, Volume 73, Issue 3, pp 237-243
Date: 30 Jul 2003

A CAG Repeat Polymorphism in the Androgen Receptor Gene is Associated with Reduced Bone Mass and Increased Risk of Osteoporotic Fractures

Rent the article at a discount

Rent now

* Final gross prices may vary according to local VAT.

Get Access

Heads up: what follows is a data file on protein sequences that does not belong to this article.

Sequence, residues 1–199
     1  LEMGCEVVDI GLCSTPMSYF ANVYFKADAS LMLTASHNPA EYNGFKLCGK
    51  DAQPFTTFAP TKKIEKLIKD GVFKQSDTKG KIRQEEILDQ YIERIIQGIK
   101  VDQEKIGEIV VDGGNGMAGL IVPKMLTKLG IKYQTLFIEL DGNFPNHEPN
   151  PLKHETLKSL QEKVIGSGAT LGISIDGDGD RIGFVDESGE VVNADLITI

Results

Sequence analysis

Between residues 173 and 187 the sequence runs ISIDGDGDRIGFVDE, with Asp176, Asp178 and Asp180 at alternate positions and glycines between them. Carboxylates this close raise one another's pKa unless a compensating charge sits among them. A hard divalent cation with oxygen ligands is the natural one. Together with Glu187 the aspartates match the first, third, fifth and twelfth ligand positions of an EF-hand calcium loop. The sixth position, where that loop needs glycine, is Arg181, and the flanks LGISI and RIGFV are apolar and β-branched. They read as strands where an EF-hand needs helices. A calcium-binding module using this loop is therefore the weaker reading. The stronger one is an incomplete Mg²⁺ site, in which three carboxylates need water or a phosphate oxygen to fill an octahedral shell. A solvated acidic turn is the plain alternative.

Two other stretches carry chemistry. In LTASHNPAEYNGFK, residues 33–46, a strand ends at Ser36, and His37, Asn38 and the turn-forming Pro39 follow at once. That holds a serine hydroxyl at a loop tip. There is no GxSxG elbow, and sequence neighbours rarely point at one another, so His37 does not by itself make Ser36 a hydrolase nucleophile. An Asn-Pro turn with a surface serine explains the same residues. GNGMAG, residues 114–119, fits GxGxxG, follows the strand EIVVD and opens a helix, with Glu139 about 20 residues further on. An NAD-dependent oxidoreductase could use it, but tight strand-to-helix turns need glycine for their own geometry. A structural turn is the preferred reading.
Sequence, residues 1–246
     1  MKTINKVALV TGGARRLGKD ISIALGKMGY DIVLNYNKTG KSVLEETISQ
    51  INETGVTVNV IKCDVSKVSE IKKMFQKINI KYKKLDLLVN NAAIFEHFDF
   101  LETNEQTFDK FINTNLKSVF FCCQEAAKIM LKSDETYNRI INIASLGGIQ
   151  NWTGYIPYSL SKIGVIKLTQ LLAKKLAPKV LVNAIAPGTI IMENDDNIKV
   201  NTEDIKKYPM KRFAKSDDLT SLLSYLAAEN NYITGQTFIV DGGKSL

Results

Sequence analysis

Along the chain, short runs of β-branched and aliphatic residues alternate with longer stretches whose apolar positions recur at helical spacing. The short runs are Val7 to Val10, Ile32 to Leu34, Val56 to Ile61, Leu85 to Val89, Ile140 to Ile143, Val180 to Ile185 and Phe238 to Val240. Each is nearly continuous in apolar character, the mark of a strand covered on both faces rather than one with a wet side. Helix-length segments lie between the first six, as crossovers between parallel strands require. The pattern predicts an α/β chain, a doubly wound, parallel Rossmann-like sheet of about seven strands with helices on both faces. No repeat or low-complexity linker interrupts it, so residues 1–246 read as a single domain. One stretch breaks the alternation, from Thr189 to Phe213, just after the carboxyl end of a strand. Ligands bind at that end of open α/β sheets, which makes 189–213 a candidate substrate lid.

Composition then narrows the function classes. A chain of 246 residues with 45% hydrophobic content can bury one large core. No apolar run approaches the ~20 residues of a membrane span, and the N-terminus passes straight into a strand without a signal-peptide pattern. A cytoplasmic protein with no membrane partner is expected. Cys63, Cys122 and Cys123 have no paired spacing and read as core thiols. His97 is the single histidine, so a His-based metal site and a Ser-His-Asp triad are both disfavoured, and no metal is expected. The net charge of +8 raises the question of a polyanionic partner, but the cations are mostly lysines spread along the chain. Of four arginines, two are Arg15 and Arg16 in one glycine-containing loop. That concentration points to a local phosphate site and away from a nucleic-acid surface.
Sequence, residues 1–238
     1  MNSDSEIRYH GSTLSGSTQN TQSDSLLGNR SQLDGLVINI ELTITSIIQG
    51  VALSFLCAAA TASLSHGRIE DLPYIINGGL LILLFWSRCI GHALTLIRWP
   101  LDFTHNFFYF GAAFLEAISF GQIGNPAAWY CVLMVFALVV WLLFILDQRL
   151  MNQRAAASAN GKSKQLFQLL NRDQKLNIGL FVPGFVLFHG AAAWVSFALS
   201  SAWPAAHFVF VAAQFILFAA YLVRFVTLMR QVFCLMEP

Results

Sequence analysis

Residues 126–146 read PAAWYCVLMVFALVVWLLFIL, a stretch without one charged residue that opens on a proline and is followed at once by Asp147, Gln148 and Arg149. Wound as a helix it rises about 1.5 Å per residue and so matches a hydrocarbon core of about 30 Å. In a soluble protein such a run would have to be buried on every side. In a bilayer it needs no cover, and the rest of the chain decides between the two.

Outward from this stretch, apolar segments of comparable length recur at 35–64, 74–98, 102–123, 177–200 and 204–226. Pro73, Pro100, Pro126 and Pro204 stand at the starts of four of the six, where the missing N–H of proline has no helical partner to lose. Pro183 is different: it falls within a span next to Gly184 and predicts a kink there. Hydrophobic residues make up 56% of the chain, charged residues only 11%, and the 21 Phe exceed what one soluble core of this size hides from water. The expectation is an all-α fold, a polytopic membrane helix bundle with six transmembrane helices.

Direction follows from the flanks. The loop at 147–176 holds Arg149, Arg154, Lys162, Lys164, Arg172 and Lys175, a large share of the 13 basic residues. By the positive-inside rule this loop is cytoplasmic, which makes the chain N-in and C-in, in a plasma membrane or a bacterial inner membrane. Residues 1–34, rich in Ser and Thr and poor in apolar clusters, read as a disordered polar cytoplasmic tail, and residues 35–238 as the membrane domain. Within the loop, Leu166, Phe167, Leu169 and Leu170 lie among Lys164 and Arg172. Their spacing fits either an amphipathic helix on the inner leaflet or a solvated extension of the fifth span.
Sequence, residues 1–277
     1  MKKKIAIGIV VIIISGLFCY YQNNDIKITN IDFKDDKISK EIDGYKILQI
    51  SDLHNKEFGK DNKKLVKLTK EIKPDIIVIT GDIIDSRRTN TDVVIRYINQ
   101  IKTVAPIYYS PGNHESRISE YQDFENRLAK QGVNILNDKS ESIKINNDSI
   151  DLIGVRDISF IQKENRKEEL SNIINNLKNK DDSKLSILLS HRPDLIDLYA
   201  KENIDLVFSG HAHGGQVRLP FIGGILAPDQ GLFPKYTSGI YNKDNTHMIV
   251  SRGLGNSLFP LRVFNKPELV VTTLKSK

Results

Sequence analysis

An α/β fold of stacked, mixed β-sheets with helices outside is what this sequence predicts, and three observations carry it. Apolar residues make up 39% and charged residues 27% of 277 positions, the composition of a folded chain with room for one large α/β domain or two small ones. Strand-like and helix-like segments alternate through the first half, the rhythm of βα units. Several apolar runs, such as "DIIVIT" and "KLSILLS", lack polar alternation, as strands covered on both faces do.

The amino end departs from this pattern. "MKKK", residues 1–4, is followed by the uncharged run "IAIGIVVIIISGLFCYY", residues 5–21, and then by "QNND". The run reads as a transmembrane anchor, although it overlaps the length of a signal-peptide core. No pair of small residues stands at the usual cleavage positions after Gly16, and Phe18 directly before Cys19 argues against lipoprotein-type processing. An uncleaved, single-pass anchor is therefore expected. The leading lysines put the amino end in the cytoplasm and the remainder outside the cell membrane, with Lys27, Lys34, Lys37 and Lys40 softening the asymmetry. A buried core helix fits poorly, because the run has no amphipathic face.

Osteoporosis is a common disease with a strong genetic component. Hypogonadism results in low bone mass and it increases significantly the risk of osteoporosis in both sexes. The estrogen and androgen receptor genes are therefore strong candidates for mediating the genetic influence on bone mass and risk of osteoporosis. A CAG repeat in the first exon of the androgen receptor (AR) is associated with reduced transcriptional activity of the AR. We therefore examined whether this CAG repeat polymorphism is associated with changes in bone mass and risk of osteoporotic fractures in 284 osteoporotic patients with vertebral fractures and 327 normal individuals. The number of CAG repeats varied between 13 and 30 in men and between 7 and 34 in women. The short and long alleles comprised 19.2 ± 2.5 and 19.0 ± 2.3 repeats (ns) and 22.7 ± 2.4 and 21.9 ± 2.4 (P < 0.01) in women with vertebral fractures and normal women, respectively. This difference was also reflected in the average number of CAG repeats: 21.0 ± 2.0 in osteoporotic women vs. 20.5 ± 2.0 in normal women (P < 0.05). 54.8% of women with osteoporotic fractures vs. 45.9% of normal women had average number of CAG repeats of 21 and more (χ2 = 3.11, P = 0.08). Logistic regression analyses revealed that both the average number of CAG repeats and the length of the long allele were significant predictors of osteoporotic fractures in women (P < 0.05 and P < 0.01, respectively). Men with vertebral fractures had 20.0 ± 2.8 CAG repeats compared with 20.7 ± 2.5 CAG repeats in normal men (ns). Linear regression analysis revealed that the length of the long allele was negatively correlated with BMD of the lumbar spine (P < 0.05) and femoral neck (P < 0.05) in women. In men, linear regression analyses demonstrated that BMD of the lumbar spine (P < 0.05), femoral neck (P < 0.05) and total hip (P < 0.05) was positively correlated with length of the CAG repeat polymorphism. In conclusion, we have demonstrated that the CAG repeat polymorphism in the first exon of the AR gene is associated with reduced bone mass and increased risk of osteoporotic fractures in women.